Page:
What are some questions your company asks before entering a new market?
I came across this helpful blog post today that gave a list of 25 top market research and analysis tools as evaluated by Tino Triste in Internet Marketing. The author also provides a short description for each tool, and why it is useful. Here are a few of them. I hope you find them helpful! 43 Things
About.com: Sites A to Z
Amazon’s Hot New Releases
AOL Hot Searches
adCenter Labs: Demographic Prediction
SEOmoz Popular Searches
Shopping.com Consumer Demand Index After checking out the complete list at the i-com blog, are there any others that you would add? What have proven to be the most helpful market research tools that you have used?
iPerceptions: Online Marketing Research Tool According to this MarketWatch article, IDG has decided to utilize iPerceptions for many of their ‘online properties’ including Computerworld.com, Macworld.com, and PCworld.com. They feel that this tool will help them ‘solicit and analyze user-generated feedback from millions of site visitors in order to discover the issues that matter most to readers and gauge customer satisfaction with its range of content offerings, including multimedia and community features.’ Jonathan Levitt, VP of Marketing at iPerceptions had this to say in regards to IDG “Media companies need to listen to real consumers, in the context of real experiences, in order to understand and improve the online experience. IDG is a great example of a media titan that is taking the right steps to engage its readers and transform their feedback into tactical and strategic decision support that changes their business.” In what ways are the organizations that you involved with gathering and analyzing customer feedback?
Whether you’re talking to a company’s representative on the phone or online, there are two quick ways to alienate a customer. Laura Bergells details these two approaches that your company’s reps should watch out for when they communicate with customers in her latest post on Internet Marketing in the Midwest. Laura gives an example of two companies that she has had a long customer relationship with which she will soon break off. One company apologizes constantly in person, on the phone, and in ‘canned letters’. The apologies seem scripted, and thus can frustrate customers even more when their problems are not being solved. The next example involves a company who apologizes for none of its faults, and makes the customer feel like an idiot. The representatives for Company B treated Laura with absolutely no respect, and made no effort to go out of there way to provide superior service. Not only was the rep rude, but they did hold Laura’s scheduled appointment. These are two examples of customer service approaches that your company should never follow. As Laura mentions, customer service is a huge part of marketing, and frustrated bloggers can spread word fast all over social media. Businesses should empower its representatives to use social skills and reasoning to solve problems and communicate effectively with customers, instead of following a script or being unapologetic.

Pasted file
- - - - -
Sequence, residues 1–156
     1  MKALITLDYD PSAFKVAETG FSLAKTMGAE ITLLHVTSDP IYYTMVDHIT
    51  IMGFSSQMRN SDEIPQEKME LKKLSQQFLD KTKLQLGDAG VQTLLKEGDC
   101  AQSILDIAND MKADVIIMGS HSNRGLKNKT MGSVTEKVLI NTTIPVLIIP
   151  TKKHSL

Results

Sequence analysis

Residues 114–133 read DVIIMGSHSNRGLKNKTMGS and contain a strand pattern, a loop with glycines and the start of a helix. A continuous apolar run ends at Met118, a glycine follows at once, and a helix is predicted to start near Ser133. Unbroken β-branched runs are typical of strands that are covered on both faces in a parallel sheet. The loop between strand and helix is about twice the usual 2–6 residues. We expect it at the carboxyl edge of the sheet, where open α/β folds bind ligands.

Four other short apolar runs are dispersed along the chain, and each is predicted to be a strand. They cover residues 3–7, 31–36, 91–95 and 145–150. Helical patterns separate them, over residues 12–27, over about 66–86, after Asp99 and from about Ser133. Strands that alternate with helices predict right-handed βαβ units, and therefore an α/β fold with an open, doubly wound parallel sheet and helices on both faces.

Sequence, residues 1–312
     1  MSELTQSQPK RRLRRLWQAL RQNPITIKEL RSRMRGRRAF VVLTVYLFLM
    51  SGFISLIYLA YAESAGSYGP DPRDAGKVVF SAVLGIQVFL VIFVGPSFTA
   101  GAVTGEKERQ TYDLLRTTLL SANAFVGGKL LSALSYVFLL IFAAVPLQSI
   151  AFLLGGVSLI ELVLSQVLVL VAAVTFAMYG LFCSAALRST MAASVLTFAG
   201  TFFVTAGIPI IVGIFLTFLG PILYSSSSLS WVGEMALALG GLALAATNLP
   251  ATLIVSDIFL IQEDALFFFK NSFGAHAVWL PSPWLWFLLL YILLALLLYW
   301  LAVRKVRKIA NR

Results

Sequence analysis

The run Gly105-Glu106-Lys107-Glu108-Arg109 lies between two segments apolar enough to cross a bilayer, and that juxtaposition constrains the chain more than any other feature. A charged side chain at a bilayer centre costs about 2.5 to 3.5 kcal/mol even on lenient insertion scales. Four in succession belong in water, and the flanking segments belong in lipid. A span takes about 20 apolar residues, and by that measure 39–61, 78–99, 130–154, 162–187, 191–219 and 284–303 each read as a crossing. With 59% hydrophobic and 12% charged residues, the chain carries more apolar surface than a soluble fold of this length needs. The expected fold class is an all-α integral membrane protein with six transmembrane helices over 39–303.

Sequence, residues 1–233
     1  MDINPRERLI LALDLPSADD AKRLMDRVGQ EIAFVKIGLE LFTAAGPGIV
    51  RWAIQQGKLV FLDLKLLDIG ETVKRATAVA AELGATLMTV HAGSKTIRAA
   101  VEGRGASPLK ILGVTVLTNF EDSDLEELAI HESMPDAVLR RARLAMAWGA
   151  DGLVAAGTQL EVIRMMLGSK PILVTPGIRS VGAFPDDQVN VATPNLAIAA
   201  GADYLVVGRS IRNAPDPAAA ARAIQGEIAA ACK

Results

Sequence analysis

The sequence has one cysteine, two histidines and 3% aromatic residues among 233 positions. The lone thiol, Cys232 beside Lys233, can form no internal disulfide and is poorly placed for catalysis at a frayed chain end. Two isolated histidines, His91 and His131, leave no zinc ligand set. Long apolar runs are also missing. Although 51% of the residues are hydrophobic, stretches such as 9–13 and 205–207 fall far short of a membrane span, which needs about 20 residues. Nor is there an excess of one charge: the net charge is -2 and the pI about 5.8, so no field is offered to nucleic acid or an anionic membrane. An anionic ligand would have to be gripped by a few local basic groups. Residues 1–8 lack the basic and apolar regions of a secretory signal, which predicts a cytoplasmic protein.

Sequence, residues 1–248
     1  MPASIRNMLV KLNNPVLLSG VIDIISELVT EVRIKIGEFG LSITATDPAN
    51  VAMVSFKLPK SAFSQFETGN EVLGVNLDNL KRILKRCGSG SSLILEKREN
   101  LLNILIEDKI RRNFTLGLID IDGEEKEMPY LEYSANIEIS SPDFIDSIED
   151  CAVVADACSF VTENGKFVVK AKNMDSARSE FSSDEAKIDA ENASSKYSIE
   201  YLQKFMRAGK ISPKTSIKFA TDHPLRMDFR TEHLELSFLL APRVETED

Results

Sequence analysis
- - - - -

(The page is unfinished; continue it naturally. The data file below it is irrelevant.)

Searching the blogosphere, I came across this post from Warner on Adventures in Internet Marketing. In this post, he details many conventional and FREE ways to find out what people are talking about and what they are searching for. Amazon top selling products, eBay pulse, and eBay keywords are some of the best ways to check out the new buzz. Sites like technorati and Del.icio.us are great because you can view different sites that people have been saving and analyze interested keywords. Marketers are beginning to look at social media as a great way to analyze information. The shift from traditional focus groups and surveys are changing as people are making information readily accessible on the web.
The New York Times reported today that Google is introducing a new service called Ad Planner designed to help media buyers determine websites that their target audiences are interested in. This service will place Google in direct competition with Nielsen Online, and comScore. Google is touting that their main benefit to users will be that it is free. The screen shot for Ad Planner can be found below. Shockwaves have already hit the market space with comScore reporting a drop in their stock price of 22.5% from $21.45 to $6.24. Both Nielsen Online, and comScore in response to the new Google Tool have released statements defining why their companies are still viable. From Nielsen Online, Susan Hickey, head of marketing made this statement about Google Ad Planner, ‘We haven’t seen, in-depth, the tool, but the breadth and depth of our data, we feel that clients pay for that.’ Gian M. Fulgoni, chairman at comScore response was to say ‘If I were a competitor of Google, the last thing I would want to do is use their products.’
While Google has stated that the main difference between their service and competition, is that Ad Planner will be free, there is another competitor, Quantcast, who is questioning the validity of the findings of the aforementioned companies. This new start up, as announced in AdAge, stated that they will be offering a tracking tool that has people-based traffic counts, a cross between panel-based data, and cookie based measurements. Nielsen Online, and comScore currently use panel data, and Google has stated that their information will come from multiple data feeds and licensed information from sources including Nielsen Online.